As a parent, you have a significant amount of power when it comes to influencing your child’s education and helping them flourish.
This power comes from the strength and quality of the relationship you have with your child.
How to Set Up Learning Stations at Home – The TEACCH Philosophy
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This post is part of a 13 part series. Each post in the series will explain an evidence-based strategy used by professionals for managing behavior with children on the autism spectrum. Each part of this series will contain a table of contents so you can easily navigate to the different strategies.
Table of Contents:
- Build a Relationship
- Individualize Motivation
- Observe, Listen, then Join
- Optimize Language
- The Premack Principal
- Basic Redirect
- Picture Rehearsal
- Add Structure at Home
- Teach Independence with Prompting
- Transactional Supports
- Add Structure to the Learning Environment
This strategy about how to structure learning is based on the TEACCH program (which is a program used at schools all over the country). This program was developed to help students with limited interests who struggle to follow adult-directed routines to be successful.
The TEACCH philosophy focuses on the individual’s strengths to enable the development of independence and supports weaknesses to enable maximum success and reduce stress.
Why Structured Learning Works
Structuring learning based on the TEACCH program is highly successful for six key reasons.
Use of TEACCH Philosophy in Schools
Independent Work Stations
“Workstations” are commonly used in schools as part of TEACCH.
Effective workstations include structure, routine, and visual cues while limiting distractions in order to promote independence, organization skills, and the concepts of working in an ordered manner.
After tasks are taught by a teacher and mastered by the student, they can be used in independent work stations.
A good workstation will show your child:
The Workstation activities will:
Setting Up Workstations Using the TEACCH Philosophy
1. Pace Tasks At Child’s Level
Often, kids with autism need more time to process new information than their typically developing peers.
Children should be provided with extra time to complete tasks and should also be given extra time between instruction and expected response, to help ensure their success.
2. Provide Concrete Examples
Children learn kinesthetically. In other words, they learn best by seeing and doing.
All oral instructions should be supplemented with concrete, visual examples. For example, in
At home, for example – if you instruct your child to clean their bedroom, also show them a photo(s) of their bedroom when it’s clean.
3. Introduce New Tasks in a Familiar Environment
Does your child seem to resist trying new activities or learning new skills? Whenever introducing something new to your child, it’s helpful to do it in a familiar environment first (such as at home), before getting them to use that skill under other circumstances or in other environments.
4. Plan for Transitions
Transitions should be carefully and thoughtfully planned. Whether your child is moving between classrooms at school or different areas in the same room, or from home to daycare, daycare to school, and even from one task to the next within a workstation, it is a good idea to prepare the child in advance of the change.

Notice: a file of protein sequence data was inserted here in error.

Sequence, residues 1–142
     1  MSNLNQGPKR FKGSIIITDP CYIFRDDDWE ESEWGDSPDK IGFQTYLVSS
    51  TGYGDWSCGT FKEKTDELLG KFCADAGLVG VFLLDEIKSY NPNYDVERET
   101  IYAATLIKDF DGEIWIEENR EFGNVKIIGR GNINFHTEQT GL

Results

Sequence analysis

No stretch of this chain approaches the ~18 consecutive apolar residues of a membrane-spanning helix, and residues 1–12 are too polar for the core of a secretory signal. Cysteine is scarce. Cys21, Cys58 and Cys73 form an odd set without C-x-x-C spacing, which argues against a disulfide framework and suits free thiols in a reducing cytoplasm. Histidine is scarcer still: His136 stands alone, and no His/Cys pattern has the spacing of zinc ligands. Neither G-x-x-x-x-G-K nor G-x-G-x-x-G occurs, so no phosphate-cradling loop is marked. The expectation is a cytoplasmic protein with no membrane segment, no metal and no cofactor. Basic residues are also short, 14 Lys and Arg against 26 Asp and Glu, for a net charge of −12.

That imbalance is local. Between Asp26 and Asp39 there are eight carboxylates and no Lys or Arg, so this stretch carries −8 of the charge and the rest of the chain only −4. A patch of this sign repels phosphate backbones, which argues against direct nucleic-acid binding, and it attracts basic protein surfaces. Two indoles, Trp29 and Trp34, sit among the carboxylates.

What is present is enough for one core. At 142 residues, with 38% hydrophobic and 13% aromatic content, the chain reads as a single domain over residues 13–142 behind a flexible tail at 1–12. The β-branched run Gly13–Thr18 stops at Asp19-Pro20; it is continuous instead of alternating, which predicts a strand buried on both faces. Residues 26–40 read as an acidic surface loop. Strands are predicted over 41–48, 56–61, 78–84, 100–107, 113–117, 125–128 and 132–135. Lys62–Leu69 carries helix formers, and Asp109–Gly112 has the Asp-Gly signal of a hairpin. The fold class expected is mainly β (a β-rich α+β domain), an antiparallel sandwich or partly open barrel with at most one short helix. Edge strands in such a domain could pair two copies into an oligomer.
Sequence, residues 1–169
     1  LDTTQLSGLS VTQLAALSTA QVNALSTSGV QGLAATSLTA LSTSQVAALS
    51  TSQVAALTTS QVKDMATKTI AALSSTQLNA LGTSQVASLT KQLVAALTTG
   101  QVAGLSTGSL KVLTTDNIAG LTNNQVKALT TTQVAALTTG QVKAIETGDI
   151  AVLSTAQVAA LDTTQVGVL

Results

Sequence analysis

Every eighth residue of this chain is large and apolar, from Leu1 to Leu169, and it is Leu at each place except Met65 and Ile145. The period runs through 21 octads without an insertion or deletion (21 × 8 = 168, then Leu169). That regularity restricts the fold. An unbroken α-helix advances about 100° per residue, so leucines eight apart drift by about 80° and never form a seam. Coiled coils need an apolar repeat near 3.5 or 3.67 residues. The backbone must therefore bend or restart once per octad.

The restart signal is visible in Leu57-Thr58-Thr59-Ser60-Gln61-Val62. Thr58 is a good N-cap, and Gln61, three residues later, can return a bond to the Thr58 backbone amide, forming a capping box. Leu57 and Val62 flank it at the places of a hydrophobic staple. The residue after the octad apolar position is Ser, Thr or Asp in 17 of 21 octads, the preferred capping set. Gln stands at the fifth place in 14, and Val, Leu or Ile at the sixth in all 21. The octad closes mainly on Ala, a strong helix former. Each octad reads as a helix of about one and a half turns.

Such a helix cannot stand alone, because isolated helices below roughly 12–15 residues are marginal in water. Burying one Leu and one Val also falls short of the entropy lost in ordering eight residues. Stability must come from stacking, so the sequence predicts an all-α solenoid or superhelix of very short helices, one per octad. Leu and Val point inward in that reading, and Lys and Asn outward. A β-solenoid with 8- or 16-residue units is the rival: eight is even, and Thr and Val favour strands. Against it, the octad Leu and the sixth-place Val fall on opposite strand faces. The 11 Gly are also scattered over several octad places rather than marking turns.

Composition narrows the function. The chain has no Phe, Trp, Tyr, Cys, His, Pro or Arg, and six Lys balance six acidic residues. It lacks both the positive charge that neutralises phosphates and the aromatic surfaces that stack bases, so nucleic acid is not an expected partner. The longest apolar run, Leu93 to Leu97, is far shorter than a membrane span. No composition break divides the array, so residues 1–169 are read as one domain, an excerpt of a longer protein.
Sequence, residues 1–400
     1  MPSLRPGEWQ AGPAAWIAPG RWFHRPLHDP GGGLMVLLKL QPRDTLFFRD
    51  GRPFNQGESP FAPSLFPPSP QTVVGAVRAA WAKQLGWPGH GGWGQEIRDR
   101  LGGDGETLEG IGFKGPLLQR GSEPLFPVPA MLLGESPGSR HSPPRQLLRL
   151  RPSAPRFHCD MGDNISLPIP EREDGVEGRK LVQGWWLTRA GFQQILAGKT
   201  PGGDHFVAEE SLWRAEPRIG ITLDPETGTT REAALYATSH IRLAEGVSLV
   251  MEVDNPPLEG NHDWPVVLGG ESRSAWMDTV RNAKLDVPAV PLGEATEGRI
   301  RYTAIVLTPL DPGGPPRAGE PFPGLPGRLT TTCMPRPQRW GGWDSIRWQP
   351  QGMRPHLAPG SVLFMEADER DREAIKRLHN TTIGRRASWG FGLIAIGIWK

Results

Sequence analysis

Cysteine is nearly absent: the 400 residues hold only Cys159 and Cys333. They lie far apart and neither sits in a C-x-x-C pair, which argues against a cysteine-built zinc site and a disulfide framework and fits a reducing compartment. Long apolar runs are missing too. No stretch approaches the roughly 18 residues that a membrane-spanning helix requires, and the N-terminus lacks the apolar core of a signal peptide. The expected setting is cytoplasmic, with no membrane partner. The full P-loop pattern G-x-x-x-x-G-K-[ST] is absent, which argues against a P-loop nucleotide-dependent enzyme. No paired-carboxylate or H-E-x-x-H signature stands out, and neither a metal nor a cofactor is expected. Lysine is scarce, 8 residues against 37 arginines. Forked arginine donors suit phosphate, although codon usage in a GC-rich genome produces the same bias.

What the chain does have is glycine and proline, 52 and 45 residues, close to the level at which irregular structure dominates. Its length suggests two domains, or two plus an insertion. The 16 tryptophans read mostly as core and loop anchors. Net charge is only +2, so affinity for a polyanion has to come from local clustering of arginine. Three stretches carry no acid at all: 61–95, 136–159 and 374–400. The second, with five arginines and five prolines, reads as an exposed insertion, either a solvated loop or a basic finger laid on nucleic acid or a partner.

It is also important to prepare any people who may be receiving the child – another parent, caregiver, teacher, etc.
All caregivers need to be on the same page and consistent with your child.
5. Use Consistent Cues to Signal Your Child
When the same cues are used consistently and repeatedly with your child, it’s easier for them to learn and follow a routine, and anticipate upcoming activities.
For example, playing the same song before
Check out the 10 best preschool transition songs here.
Another great option for older children is to use a gong or triangle. When you hit the gong, everyone should stop what they’re doing and listen quietly. When they can no longer hear it, it’s time to move on to the next activity.
Best Practices for Structuring Learning at Home
When you’re using the TEACHH approach at home there are a few best practices to consider. Following these best practices will ensure the greatest chance of success for your child to practice working independently at home.
This setup is ideal for both homeschooling parents and for those who want to reinforce learning concepts from school.
Creating Workstations At Home:
These are just a few items I recommend if you’re creating a workstation at home for your child.
It’s ideal to use a laminator and dry erase markers because your child will complete the same activities multiple times as practice and this will save significantly on paper.
I love the dry erase markers below just because there’s such a large variety of colors.
You can use the velcro pieces with a variety of visuals so they can be re-used again and again.
Free Printable TEACCH Tasks
These are just a few free resources I found that you can print and start using right away. There are lots of other resources out there, and once you’re comfortable, you can also make your own.
- I can count task cards
- Letter worksheets (includes printing practice and upper/lower case matching)
- Color and shape sorting
- Big and small sorting
- Addition game (up to 25)
- Number matching practice
- Telling time
- Vocabulary word matches: Macaroni/French fries, hamburger/cereal, pizza/popcorn, eggs/hotdogs
Blanktemplate to create your own matching tasks